5 Things You Notice When You Return to the U.S. After Living in Italy

This past year was the first full year I spent in Italy, because for one thing, I got married and finally had a visa that lasted for longer than 90 days at a time. And for another, COVID-19 made it impossible to travel.

I hadn’t been back home to my old Kentucky home for a year and a half when I made the trip back mid-August 2021 for my nephew’s first birthday, and needless to say, a lot of things had changed in my absence! Or maybe it would be more accurate to say that I had changed.

Here are five things I noticed when I got back, that maybe you’ll notice too if you’ve been living in Italy for a while and head back to the States.

 

1. American Food Hits Different After Being Away

A tasty American cheeseburger. Oh, how I’ve missed you...
Image Credit: ThorstenF, Pixabay.com

Obviously any time you go from one country to another, you’re going to have trouble adjusting to the different food. But this time, after being in Italy for 18 months, eating only Italian food, I found myself with a stomachache that lasted for weeks on the American diet! I’m not saying that American food is “worse” than Italian food (you know I love my sweets and a big ol’ plate of American-style macaroni and cheese, which all tastes WAY better when you've been missing it for over a year), but I will say that the use of more preservatives and more sugar in most things you eat every day really makes American food harder to digest.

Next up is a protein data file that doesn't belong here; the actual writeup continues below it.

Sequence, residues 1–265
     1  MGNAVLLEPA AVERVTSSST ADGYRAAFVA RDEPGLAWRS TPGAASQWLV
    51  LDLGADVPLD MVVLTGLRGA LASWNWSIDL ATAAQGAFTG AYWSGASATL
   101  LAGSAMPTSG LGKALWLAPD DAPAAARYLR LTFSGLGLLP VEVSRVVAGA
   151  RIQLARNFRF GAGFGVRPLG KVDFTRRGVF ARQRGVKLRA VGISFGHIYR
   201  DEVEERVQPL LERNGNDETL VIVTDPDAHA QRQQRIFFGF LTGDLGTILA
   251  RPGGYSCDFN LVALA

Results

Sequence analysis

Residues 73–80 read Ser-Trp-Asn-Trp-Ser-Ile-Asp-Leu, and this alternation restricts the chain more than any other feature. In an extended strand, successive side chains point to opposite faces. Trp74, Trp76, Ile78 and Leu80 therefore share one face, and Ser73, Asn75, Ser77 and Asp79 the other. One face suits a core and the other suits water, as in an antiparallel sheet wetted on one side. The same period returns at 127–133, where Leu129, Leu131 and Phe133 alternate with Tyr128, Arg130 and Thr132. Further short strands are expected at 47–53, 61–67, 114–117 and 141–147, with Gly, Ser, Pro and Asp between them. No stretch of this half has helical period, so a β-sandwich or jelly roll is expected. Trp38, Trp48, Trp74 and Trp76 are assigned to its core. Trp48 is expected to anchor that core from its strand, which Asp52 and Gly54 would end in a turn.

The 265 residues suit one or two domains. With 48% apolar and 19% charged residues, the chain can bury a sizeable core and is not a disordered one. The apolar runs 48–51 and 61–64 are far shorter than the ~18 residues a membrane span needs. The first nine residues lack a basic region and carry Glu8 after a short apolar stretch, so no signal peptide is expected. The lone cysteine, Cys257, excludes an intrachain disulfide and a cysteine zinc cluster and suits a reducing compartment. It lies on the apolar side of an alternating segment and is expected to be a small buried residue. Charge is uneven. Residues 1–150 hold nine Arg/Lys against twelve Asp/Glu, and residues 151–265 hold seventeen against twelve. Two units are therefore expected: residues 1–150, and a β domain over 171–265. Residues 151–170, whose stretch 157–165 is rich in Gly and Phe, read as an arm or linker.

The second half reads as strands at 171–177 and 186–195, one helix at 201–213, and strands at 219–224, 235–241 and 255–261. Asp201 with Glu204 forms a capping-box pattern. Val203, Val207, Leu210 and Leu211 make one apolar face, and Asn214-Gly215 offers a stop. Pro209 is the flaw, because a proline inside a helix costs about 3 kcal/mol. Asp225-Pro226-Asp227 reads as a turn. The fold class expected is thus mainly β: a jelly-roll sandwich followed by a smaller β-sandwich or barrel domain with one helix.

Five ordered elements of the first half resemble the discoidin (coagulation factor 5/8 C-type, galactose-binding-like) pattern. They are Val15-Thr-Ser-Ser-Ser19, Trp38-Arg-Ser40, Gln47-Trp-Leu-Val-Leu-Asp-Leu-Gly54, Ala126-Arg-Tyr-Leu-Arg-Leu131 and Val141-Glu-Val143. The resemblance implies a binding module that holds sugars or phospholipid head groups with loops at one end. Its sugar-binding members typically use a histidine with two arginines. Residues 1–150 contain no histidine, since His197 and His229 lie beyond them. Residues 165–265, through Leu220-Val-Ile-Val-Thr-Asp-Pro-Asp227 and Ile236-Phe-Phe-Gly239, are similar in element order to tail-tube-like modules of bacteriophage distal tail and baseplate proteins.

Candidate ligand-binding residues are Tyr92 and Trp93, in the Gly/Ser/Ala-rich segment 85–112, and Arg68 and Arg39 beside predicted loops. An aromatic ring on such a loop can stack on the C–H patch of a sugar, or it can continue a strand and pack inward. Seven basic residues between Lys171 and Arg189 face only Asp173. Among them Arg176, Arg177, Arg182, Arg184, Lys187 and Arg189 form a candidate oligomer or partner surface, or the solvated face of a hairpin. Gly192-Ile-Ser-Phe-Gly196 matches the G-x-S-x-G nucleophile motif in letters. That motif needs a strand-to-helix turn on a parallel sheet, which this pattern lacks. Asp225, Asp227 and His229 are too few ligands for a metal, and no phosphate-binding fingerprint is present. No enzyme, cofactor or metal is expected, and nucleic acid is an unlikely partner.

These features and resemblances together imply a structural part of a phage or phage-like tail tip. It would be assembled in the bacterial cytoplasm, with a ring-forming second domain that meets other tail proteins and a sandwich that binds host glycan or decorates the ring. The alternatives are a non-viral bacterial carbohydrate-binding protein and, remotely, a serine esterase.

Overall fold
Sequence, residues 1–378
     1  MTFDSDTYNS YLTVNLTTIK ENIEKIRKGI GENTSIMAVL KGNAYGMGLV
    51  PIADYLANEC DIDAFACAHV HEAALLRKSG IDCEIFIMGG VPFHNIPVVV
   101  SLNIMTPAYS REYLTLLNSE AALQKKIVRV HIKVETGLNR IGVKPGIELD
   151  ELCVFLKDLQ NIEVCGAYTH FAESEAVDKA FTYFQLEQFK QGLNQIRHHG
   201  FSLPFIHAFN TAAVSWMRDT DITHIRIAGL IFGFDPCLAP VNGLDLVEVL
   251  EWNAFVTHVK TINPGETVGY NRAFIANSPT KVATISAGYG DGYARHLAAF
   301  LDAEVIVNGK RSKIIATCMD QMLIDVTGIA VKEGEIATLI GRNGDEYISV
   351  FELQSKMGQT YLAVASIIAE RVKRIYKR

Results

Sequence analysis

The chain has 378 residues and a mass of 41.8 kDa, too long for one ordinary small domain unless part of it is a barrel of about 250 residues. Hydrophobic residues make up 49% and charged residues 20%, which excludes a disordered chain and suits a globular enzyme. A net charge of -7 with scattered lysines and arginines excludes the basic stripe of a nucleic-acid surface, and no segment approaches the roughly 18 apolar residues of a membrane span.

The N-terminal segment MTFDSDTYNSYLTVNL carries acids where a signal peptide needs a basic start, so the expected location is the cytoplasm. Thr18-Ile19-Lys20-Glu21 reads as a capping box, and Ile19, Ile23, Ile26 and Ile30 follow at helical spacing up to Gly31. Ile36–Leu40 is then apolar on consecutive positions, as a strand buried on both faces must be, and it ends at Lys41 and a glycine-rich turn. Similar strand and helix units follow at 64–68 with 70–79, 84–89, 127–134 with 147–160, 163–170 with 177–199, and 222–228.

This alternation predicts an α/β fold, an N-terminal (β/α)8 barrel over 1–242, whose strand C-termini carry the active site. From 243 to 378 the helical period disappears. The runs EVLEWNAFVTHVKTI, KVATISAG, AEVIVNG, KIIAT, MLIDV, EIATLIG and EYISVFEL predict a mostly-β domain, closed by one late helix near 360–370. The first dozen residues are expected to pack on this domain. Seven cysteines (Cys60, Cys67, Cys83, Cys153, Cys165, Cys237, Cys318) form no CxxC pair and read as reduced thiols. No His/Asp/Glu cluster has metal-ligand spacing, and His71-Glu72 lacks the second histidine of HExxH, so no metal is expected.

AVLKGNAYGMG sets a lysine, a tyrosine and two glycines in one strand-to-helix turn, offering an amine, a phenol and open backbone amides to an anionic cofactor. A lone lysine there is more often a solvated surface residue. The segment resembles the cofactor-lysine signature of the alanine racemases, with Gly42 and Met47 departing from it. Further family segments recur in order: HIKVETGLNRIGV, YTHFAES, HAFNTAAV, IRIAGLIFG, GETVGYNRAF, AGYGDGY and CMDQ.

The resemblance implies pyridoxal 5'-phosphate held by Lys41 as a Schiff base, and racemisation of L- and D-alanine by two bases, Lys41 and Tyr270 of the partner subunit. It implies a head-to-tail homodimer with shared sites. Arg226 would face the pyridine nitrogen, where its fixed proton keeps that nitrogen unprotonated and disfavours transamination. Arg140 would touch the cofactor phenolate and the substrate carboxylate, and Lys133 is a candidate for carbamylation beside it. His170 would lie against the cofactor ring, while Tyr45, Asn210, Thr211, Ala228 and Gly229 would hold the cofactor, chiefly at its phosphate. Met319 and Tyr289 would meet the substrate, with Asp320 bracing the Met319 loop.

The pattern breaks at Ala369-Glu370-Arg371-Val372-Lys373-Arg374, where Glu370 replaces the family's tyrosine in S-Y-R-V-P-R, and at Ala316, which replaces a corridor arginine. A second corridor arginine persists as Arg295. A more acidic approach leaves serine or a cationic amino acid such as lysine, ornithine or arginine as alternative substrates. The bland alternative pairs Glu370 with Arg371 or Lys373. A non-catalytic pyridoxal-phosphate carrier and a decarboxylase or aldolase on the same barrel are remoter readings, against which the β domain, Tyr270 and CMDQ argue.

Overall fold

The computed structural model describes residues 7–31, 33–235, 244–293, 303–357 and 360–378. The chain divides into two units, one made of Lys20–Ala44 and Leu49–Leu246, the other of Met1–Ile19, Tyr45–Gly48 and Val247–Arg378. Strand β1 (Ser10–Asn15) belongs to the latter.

It takes a little while to adapt, so go slowly. Maybe try to work in some simple pasta and more fresh fruits and veggies, even if you’ll surely want to dive right into the delicious desserts and a genuine American cheeseburger!
 

2. The Time Difference Is a Pain in the You-Know-What

It’s only 10:10? Ugh… I’m so sleepy...
Image Credit: nattanan23, Pixabay.com

This will happen every time you have to travel between the countries regardless of how long you’ve been away: Italy and the U.S. are in different time zones, and you have to cross a bunch of other time zones to get from one to the other. For the first week (or more) after you arrive in the States, you’ll be falling asleep at six in the evening because your body thinks it’s midnight and waking up at five because your internal clock thinks it missed its morning alarm.